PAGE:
Social media can be great for generating buzz about your book. Chances are your book’s ideal audience already uses one more than others so going there and participating can be a fantastic way to reach them. The key is using that platform to get them to a website where they can actually buy your book.
Do you have to be on all the platforms?
Nope. In fact, you shouldn’t. Don’t stretch yourself thin trying to build audiences on each platform, figure out the image and text rules, learn what times of day are best for posting, and mastering the tone and content each platform lends itself to.
After all, you’re not a social media manager or marketing professional, you’re a scholar (which is a lot more fun, in my opinion). So find a few platforms that are the best fit and focus on those.
Not all platforms fit your book, you, and your ideal audience. In chapter 3 of Book Marketing for Academics (“Find the Unique Ways You Like to Connect to Others”), I helped you figure out the ways you prefer to connect with people in general. Here we’re going to think about this in relation to social media platforms because different platforms allow for different kinds of connection.
Do you like big crowds or small groups? Do you like talking to people you don’t know or do you prefer to get to know friends of friends and expand your social circle that way? Are you a more visual person or do you prefer text? Does long-form communication appeal to you more or short, brief engagements?
Now, how do you like people to respond to you? Do you like them to ask questions, request information, or get to know you better? Do you prefer like them to share what they’ve learned from you with others? Do you like them to translate what you’ve said into their own context, maybe pointing out connections you didn’t notice before?
One way to figure this out is to think about your teaching, advising, and service. Which courses do you like teaching the best and why? Forget the content here, the focus is on the human engagement.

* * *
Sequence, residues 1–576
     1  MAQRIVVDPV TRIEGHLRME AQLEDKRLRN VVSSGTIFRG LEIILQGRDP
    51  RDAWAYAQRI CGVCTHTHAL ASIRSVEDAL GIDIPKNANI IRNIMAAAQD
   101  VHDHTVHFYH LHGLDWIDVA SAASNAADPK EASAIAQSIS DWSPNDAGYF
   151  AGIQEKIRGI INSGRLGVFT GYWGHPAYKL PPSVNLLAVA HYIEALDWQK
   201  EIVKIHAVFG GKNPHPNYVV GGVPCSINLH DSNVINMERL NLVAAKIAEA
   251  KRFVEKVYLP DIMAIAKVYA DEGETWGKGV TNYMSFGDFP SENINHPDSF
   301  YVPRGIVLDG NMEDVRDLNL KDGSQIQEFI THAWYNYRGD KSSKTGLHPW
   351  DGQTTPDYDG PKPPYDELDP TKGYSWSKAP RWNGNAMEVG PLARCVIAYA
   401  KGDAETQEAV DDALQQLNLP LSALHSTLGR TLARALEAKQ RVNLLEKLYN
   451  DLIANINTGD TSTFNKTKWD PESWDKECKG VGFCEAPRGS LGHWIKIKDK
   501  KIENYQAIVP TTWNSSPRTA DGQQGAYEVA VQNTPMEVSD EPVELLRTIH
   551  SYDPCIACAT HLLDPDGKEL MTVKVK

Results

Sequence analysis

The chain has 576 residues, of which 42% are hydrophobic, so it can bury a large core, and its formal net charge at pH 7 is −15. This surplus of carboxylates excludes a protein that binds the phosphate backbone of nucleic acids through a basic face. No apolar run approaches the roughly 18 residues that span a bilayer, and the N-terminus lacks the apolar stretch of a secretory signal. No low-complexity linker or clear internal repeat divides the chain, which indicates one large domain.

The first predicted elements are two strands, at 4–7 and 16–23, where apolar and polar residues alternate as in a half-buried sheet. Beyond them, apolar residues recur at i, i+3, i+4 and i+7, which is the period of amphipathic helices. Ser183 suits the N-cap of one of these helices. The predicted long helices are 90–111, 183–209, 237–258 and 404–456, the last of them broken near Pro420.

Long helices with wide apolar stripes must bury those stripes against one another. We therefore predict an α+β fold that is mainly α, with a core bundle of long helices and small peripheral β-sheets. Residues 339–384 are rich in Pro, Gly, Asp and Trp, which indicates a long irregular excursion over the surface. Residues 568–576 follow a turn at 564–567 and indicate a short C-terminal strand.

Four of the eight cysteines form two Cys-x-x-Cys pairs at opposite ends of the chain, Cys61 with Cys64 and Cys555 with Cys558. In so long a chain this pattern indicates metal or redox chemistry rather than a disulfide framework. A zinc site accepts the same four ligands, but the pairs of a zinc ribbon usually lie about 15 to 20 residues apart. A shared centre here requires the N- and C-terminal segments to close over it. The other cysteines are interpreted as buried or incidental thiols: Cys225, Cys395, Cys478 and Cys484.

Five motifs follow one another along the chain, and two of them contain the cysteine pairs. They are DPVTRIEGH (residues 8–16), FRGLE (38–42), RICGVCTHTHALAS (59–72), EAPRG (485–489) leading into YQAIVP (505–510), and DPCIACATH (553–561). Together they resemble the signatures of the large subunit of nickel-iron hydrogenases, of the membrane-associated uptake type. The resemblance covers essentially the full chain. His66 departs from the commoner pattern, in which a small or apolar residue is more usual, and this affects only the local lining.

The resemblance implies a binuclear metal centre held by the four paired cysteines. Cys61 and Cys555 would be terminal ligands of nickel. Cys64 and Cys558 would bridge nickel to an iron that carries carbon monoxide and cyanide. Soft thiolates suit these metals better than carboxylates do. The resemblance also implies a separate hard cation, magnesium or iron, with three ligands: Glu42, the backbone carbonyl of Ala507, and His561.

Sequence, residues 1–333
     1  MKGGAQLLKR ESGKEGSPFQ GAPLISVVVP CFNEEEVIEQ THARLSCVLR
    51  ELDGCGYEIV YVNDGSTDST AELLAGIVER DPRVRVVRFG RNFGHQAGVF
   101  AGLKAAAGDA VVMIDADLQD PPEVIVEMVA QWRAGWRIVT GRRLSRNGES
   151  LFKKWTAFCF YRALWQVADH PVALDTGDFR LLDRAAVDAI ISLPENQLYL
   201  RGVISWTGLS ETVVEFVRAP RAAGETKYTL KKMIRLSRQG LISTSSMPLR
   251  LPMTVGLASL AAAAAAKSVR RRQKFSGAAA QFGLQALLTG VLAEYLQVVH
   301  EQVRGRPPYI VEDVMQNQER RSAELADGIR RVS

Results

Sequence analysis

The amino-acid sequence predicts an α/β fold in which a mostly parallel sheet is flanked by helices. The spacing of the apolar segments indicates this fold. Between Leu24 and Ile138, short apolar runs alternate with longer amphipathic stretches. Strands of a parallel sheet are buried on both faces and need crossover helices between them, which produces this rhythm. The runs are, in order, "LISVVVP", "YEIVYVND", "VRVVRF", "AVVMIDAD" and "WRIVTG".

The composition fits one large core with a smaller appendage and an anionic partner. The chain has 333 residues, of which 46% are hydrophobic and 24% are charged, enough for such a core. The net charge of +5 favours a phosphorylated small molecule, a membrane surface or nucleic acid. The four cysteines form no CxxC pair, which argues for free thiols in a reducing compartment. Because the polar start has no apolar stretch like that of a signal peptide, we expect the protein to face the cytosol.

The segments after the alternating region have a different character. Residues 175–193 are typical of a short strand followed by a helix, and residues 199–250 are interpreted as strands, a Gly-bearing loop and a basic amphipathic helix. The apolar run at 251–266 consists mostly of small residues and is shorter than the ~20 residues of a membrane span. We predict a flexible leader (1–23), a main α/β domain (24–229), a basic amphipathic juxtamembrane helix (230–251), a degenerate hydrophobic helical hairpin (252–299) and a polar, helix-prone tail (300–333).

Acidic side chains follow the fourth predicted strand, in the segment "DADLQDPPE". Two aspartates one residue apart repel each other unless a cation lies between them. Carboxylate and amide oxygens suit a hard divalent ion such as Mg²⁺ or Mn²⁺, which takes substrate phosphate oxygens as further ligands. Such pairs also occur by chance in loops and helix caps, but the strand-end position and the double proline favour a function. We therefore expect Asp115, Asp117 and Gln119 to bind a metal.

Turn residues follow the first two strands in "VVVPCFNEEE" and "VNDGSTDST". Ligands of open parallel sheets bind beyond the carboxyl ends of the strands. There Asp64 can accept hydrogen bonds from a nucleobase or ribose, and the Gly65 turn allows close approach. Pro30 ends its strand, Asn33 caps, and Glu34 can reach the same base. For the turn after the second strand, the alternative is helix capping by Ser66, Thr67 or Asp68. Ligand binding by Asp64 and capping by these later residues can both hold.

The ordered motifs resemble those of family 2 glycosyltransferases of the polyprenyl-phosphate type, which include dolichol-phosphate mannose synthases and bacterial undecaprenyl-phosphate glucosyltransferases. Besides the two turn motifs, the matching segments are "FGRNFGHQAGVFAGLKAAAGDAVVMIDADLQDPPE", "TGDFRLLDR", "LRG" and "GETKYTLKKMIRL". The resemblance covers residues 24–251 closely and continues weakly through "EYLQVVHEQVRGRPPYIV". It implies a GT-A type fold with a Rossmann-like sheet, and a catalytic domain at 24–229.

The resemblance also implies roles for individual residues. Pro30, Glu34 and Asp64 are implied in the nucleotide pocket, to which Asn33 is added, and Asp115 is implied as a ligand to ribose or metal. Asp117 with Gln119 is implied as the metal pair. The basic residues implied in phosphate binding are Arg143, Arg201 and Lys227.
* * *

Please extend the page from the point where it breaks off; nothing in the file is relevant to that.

Do you like smaller seminars with upper-division undergraduates or graduate students (i.e., people who are already experts or at an advanced level) with whom you have more informal discussions and conversations? Do you like large introductory lecture courses where you deliver material essentially onstage in a giant lecture hall? Do you prefer students schedule office hours with you so you can prepare or do you have an open-door policy encouraging them to drop by?
Think about this with regard to your service work too. Do you prefer committees where folks get right down to business and debate the merits of a particular policy or applicant or more informal committees where people socialize and get to know one another before making decisions?
Next, see which social media platforms emphasize your preferred mode of communication and how you prefer people to respond. Which offer longer-form engagement, which offer more sharing capabilities, and which have a temporality you like? Instagram, Snapchat, and Twitter, for example, are a lot faster than Facebook, LinkedIn, and Academia.edu.
And finally, figure out which platforms your ideal audience is already on. The intersection between these things is where you want to be. Let’s say the platforms that lend themselves to your communication style include Facebook, Instagram, Academia.edu, and Pinterest. And perhaps your book’s ideal audience is on Pinterest and Facebook. So those two are where you want to focus your efforts. Now you can craft a social media plan that harnesses those specific platforms.
Now that you have your platforms, what are you going to post on them? Social media is a great place to post news about your book (release dates, new editions, etc.), upcoming book tour events (book talks, conference presentations and conference book exhibits, Author Meets Critics sessions), current news stories related to your book’s topic and argument, reviews of your book, nice things people say informally about your book, and links to where people can buy your book.